HydrangeaBotanical Name: Hydrangea arborescens (LINN.)
Family: N.O. Saxifragaceae
Synonyms: Wild Hydrangea. Seven Barks. Hydrangea vulgaris. Common Hydrangea.
Parts Used: Dried rhizome, roots.
Habitat: The United States.
History: The Hydrangeas are marsh or aquatic plants, and hence the name is derived from a Greek compound signifying water-vessel. Four of the known species are natives of America; one, the garden Hydrangea (Hydrangea hortensis), is widely cultivated in the gardens of China and Japan. Many methods are employed in this country for imparting the blue tinge to its petals. The oak-leaved Hydrangea (H. quercifolia), a native of Florida, is also cultivated for its beauty.
The bark of H. arborescens is rough, with a tendency to peel, each layer being of a different colour, from which it has probably derived its name 'Seven Barks.' The roots are of variable length and thickness, having numerous radicles, reaching a diameter of more than half an inch. They are externally pale grey, tough, with splintery fracture; white inside, without odour, having a sweetish, rather pungent taste. When fresh, the root and stalks are very succulent, containing much water, and can easily be cut. When dry, they are tough and resistant, so that they should be bruised or cut into short, transverse sections while fresh. The taste of the bark of the dried root resembles that of cascarilla. The stalks contain a pith which is easily removed, and they are used in some parts of the country for pipe-stems.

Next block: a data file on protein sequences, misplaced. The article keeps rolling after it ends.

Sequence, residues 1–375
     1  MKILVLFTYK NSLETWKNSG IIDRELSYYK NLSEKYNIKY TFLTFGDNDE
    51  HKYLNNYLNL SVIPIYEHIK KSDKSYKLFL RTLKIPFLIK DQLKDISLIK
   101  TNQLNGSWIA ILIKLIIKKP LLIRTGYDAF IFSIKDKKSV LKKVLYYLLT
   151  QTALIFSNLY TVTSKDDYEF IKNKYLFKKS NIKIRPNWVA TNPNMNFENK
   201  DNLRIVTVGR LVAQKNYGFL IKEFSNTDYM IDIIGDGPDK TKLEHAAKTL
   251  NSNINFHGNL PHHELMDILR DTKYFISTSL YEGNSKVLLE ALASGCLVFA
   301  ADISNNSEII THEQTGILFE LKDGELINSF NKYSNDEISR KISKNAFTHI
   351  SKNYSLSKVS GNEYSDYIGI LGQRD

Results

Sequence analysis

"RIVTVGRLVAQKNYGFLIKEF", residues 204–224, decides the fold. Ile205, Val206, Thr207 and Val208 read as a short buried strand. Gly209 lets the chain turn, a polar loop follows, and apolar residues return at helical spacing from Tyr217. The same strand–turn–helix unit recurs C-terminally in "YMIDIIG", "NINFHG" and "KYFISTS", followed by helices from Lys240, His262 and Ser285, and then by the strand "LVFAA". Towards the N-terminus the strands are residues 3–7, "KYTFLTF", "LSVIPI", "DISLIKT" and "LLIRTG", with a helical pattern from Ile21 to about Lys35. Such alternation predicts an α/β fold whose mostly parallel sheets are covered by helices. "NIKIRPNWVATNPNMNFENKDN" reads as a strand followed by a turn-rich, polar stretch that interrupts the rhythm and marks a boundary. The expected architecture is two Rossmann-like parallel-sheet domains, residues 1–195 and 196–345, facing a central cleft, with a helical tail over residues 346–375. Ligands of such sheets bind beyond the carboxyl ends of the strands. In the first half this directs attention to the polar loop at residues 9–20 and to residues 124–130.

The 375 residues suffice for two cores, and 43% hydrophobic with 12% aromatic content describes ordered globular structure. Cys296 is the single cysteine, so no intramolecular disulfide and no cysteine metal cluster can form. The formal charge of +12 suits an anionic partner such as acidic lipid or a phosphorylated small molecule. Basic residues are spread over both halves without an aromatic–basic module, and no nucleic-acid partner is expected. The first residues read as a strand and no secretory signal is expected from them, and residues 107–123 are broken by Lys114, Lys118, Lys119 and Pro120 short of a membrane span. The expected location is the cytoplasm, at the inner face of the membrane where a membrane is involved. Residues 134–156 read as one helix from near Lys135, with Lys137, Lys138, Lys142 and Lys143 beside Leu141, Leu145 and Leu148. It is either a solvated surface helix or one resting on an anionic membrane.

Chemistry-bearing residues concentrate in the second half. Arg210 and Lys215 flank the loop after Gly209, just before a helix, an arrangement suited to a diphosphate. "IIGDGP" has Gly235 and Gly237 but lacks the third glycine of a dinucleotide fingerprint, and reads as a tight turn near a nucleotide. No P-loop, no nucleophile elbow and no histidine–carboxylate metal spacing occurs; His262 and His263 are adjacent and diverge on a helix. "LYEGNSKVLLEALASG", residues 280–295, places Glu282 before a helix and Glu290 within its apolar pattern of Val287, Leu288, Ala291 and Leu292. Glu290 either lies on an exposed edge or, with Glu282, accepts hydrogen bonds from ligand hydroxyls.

Constituents: The root has been found to contain two resins, gum, sugar, starch, albumen, soda, lime potassa, magnesia, sulphuric and phosphoric acids, a protosalt of iron, and a glucoside, Hydrangin. No tannin has been found, but a fixed oil and a volatile oil have been obtained. From the alcoholic extract of the flowers of H. hortensia, two crystalline substances were isolated, Hydragenol and Hydrangeaic acid.
Medicinal Action and Uses: Diuretic, cathartic, tonic. The decoction is said to have been used with great advantage by the Cherokee Indians, and later, by the settlers, for calculous diseases. It does not cure stone in the bladder, but, as demonstrated to the medical profession by Dr. S. W. Butler, of Burlington, N.J., it removes gravelly deposits and relieves the pain consequent on their emission. As many as 120 calculi have been known to come from one person under its use.
The fluid extract is principally used for earthy deposits, alkaline urine, chronic gleet, and mucous irritations of the bladder in aged persons. A concentrated syrup with sugar or honey, or a simple decoction of the root, may also be used. In overdoses, it will cause vertigo, oppressions of the chest, etc. The leaves are said by Dr. Eoff to be tonic, silagogue, cathartic and diuretic.
Dosage: 30 grains. Of fluid extract, 30 to 100 minims. Of syrup, 1 teaspoonful, three times a day.